Editor’s note: A wide-open and critical election year is looming in Idaho in 2018. This is the 10th of a periodic series of interviews with candidates for state and federal office — with an emphasis on education topics.
The federal government can play a role in making schools safer, by offering guidance and help to local school officials, says congressional candidate James Vandermaas.
But after spending a career in law enforcement, the Eagle Democrat is not sold on one school safety idea floated by President Trump: arming teachers. Idaho law already puts this decision in the hands of local school boards, but Vandermaas says the approach simply puts more guns in the schools, and places a greater burden on educators.
“I’m dead set against it,” Vandermaas, 60, said in a recent interview. “We’re expecting them to be accurate, when they’re frightened to death.”
The Republican 1st Congressional District race has attracted a bigger crowd of candidates — and more money. Vandermaas, meanwhile, is running in a more low-key Democratic primary on May 15. His two primary opponents, Christina McNeil of Boise and Michael William Smith of Post Falls, have raised no money for the race, according to the Federal Elections Commission.
Vandermaas attended the student-led “March for Our Lives” protest at the Statehouse March 24, and said he stands in 100 percent support of the student demonstrators. Vandermaas says he supports balancing Second Amendment rights against “common-sense gun safety legislation,” including background checks.
Vandermaas disagrees with the White House on several education issues.
For one, he says he would push to make the Deferred Action for Childhood Arrivals program “an actual law with a path to citizenship.” DACA protects students and other young undocumented immigrants from deportation, covering an estimated 3,100 people in Idaho; President Trump has pushed to eliminate the program.
Vandermaas also disagrees with the Trump administration’s proposals to siphon more than $1 billion of education funding into school choice programs. He’s also unimpressed with Education Secretary Betsy DeVos, and her advocacy for private and charter schools. “I think she’s in over her head, and she’s in there with a specific purpose.”
Outgoing 1st District Rep. Raul Labrador has proposed eliminating the U.S. Department of Education in full, and several Republicans looking to succeed Labrador like the idea. Vandermaas said eliminating the department would be a “tremendous mistake,” jeopardizing Idaho’s $264 million a year in federal education funding.
Idaho’s relationship with the feds changed considerably in March. After months of review — in Idaho and Washington, D.C. — DeVos finally approved Idaho’s plan to comply with the federal Every Student Succeeds Act. Vandermaas said he was unfamiliar with the ESSA process or the state’s ESSA plan.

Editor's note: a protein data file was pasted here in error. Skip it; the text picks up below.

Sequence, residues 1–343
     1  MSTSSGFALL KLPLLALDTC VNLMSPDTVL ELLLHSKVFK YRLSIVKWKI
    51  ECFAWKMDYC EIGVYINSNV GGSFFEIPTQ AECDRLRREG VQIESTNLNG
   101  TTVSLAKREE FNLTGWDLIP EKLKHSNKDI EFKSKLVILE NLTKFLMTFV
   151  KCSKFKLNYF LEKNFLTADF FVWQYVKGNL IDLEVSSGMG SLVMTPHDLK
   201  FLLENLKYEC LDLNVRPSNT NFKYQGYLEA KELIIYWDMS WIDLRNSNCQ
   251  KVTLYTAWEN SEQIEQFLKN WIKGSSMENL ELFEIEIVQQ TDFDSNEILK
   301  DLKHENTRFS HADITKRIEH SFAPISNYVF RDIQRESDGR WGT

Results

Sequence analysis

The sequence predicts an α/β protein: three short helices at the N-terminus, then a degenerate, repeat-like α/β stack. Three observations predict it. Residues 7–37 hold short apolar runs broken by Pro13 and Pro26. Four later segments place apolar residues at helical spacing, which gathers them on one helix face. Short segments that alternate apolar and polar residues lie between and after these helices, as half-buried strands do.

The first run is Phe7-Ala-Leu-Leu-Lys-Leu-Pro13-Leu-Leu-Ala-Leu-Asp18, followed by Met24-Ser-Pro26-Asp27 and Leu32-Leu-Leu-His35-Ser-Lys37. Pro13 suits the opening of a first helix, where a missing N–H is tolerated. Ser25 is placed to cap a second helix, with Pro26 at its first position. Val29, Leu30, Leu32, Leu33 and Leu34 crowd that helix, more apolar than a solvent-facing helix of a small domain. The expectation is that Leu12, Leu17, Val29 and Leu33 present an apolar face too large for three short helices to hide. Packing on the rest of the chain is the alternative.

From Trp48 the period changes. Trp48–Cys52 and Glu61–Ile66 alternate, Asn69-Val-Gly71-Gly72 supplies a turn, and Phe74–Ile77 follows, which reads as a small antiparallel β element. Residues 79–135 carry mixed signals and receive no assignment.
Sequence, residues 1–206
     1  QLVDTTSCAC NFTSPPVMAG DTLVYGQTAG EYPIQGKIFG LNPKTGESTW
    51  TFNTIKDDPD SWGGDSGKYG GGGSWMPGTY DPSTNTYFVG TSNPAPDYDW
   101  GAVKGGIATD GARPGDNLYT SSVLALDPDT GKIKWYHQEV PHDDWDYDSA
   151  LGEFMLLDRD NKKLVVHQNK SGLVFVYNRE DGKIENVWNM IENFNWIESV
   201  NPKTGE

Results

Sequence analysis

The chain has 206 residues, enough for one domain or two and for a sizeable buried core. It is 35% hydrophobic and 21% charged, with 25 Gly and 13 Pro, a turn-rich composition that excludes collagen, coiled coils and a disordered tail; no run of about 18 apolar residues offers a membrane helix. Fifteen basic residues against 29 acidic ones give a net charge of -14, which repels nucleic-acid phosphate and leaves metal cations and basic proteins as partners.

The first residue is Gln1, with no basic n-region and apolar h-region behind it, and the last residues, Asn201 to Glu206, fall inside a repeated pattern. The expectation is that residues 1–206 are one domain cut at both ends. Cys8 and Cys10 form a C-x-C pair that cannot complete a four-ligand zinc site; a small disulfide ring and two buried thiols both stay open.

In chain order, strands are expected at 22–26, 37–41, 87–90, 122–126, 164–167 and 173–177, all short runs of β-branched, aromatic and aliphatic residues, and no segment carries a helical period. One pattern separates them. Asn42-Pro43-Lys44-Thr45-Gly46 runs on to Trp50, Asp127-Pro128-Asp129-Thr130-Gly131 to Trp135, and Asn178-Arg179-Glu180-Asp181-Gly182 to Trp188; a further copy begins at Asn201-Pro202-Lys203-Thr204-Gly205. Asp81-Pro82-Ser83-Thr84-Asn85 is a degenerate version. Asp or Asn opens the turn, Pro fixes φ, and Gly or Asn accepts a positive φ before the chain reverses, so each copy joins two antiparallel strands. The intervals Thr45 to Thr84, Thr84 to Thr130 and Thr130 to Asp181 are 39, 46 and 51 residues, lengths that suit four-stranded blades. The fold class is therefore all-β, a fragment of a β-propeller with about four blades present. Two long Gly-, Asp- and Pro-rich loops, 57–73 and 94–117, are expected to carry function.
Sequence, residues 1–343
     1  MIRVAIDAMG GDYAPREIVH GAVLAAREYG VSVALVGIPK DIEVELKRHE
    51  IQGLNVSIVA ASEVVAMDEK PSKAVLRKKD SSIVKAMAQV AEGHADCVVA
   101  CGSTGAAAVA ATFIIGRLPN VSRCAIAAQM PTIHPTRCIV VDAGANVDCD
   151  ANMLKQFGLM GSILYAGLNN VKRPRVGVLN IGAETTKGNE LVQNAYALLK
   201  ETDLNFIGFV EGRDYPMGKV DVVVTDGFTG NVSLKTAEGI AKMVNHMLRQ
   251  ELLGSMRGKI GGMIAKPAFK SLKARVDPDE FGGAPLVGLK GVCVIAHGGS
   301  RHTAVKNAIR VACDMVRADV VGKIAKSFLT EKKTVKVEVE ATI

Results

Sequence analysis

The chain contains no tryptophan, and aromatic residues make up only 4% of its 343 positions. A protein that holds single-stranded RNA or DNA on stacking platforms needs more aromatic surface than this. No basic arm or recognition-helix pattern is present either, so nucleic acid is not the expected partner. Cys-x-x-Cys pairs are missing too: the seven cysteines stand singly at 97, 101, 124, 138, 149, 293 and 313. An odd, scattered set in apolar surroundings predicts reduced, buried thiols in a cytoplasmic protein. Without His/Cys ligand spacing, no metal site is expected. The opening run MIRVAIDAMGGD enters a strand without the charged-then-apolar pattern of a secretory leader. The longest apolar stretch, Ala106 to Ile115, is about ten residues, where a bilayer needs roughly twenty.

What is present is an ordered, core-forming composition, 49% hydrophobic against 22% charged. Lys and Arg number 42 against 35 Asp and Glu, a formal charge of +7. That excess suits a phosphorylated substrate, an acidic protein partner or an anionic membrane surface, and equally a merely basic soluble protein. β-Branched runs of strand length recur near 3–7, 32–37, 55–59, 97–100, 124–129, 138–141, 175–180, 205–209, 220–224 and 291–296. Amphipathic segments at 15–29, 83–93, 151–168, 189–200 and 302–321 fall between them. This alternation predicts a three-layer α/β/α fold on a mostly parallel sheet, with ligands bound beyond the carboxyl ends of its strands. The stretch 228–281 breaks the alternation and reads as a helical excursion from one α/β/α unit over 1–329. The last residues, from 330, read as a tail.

Vandermaas proposes one higher education-related initiative, which he calls “Scholar-Quest.” Under the plan, students would be able to attend college for free, funded through tax-deductible business contributions to a scholarship fund. Scholarship recipients would be required to perform community service after graduation. Vandermaas says the plan would help employers find the workers they need, while cutting into the nation’s $1.3 trillion student debt load.
“There’s so much untapped potential at this point because so many people are undereducated,” he said.
In addition to working in law enforcement, Vandermaas started several small businesses. He is making his first run for public office, and says he is focusing on education, expanding health care coverage and keeping federal lands under federal jurisdiction.
“It’s quite frankly where I think I can do the most good,” he said.
MORE READING FROM THIS SERIES
Russ Fulcher: ‘I’m not a slash-and-burn kind of guy’
David Leroy: ‘We are making false promises to ourselves in many quarters’
Luke Malek: ‘We need every dollar that we are putting into education’
Christy Perry: ‘We need to break the cycle of poverty’
Michael Snyder: ‘A little flame has started. “Can we fan it into a fire?’
Tommy Ahlquist: ‘It’s creating that clarity’
A.J. Balukoff: ‘The thing we haven’t done is listen to the educators’
Raul Labrador: ‘If we’re going to take some of the credit then I think we need to take some of the blame at the governor’s office’
Brad Little: ‘We have an obligation to explain how important education is today’